But with the Justices taking on three separate, major issues within the law, Washington wonks, soothsayers, and legal eagles have gone into a frenzy of handicapping. Not a day goes by without a backgrounder or briefing that professes to have the best read on the tea leaves.

The Court, as is its wont, has shied from the limelight. Until today, it had not even determined how it would accommodate the legions of journalists (myself included) who will descend upon the courtroom to cover the historic arguments. Details are still being worked out, but one thing was not going to change: the Court has steadfastly refused to allow audio or video broadcasts of the proceedings. (Which means there cannot be any contests requiring a shot every time the challengers’ attorney, Paul Clement, utters “individual mandate.”) The Court is even banning–heaven forbid–cellphones. That means no pithy Tweets on Justice Clarence Thomas’ enduring silence.

This morning–at a briefing sponsored by Politico–came new predictions from an estimable panel of D.C. insiders: former U.S. Solicitor General Walter DellingerNeal Katyal, Al Gore’s co-counsel at the Court in Bush v. Gore,  Tom Goldstein, a former Court clerk and publisher of Scotusblog, Kevin Walsh, a former clerk to Justice Antonin Scalia, and Nina Totenberg, the veteran Court correspondent for NPR.

Dellinger, Goldstein and Katyal. ALICIA AULT/IMNG Medical Media

The Justices to watch, said Ms. Totenberg: Anthony Kennedy and Chief Justice John Roberts. They are both widely considered swing votes. Some have also have put Justice Scalia in that camp, “which I personally think is a crock,” Ms. Totenberg said. Mr. Katyal said that Samuel Alito could also be “in play.”

Will politics come into play? Justices “have a grasp of politics that defies imagination in terms of its inaccuracy,” said Ms. Totenberg, who, like the others discounted the idea that the Justices would be influenced–or motivated–to vote in one direction or another based on the prevailing political winds.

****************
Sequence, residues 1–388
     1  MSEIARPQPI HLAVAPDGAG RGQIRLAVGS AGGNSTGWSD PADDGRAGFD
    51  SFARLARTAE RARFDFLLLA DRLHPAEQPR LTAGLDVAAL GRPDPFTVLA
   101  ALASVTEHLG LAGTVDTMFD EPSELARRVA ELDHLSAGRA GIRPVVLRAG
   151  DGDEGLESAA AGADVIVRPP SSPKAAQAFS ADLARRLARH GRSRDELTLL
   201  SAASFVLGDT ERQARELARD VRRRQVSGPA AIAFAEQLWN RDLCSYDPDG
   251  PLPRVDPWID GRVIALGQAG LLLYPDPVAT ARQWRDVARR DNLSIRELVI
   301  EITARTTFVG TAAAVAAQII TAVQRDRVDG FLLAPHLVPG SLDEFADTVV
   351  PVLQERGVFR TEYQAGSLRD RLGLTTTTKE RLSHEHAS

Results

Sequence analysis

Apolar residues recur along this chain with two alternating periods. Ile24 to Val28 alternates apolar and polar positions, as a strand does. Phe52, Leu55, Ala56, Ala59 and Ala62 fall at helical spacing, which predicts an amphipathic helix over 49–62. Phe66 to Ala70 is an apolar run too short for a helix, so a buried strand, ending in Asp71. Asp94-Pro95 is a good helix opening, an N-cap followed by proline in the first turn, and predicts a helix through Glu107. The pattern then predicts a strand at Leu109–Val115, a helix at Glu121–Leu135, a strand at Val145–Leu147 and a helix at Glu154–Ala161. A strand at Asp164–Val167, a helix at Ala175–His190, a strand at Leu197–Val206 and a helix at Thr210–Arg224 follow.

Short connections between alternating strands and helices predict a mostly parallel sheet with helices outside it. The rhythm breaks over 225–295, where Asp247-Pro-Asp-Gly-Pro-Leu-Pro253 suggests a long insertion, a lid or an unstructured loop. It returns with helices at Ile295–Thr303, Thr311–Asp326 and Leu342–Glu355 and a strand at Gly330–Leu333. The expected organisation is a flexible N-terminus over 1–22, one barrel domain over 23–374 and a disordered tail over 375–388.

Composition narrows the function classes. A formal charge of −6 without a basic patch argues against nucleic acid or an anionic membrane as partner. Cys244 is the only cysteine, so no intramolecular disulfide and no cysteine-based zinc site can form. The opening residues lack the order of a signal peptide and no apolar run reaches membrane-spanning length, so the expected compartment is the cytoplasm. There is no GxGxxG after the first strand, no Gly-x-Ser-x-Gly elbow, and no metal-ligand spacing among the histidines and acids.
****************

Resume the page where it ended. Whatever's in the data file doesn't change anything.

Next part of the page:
The panel was unanimous–except for Ms. Totenberg, who recused herself from making a wager–in its opinion that the Court would uphold the law, most likely in its entirety.

Mr.  Goldstein said he could not effectively imagine a victory by the law’s challengers. If the Justices threw out the Act, it “would lead to probably an array of attacks on different parts of the federal regulatory state because for the first time you would have had five justices that take very seriously limits on congressional power,” he said.

By the end of next week, the Court will likely hold one closed-door conference and a series of votes, said Mr. Walsh.

He and the other panelists went out on a limb, saying that the 5-4 prediction may no longer hold.  Mr. Goldstein said it could even be a 6-3 or 7-2 ruling upholding the law.

So who will write the opinion, expected to be issued in June? Mr. Dellinger predicted that it would be Justice Roberts. Mr. Goldstein, however, said this might be the rare case where the Court issues a per curiam opinionthat is, written in the name of the Court, rather than by any of the Justices. Interestingly, Bush v. Gore was a per curiam decision.

What is your opinion?

Alicia Ault

Leave a comment

Filed under Health Policy, health reform, IMNG, Polls, Practice Trends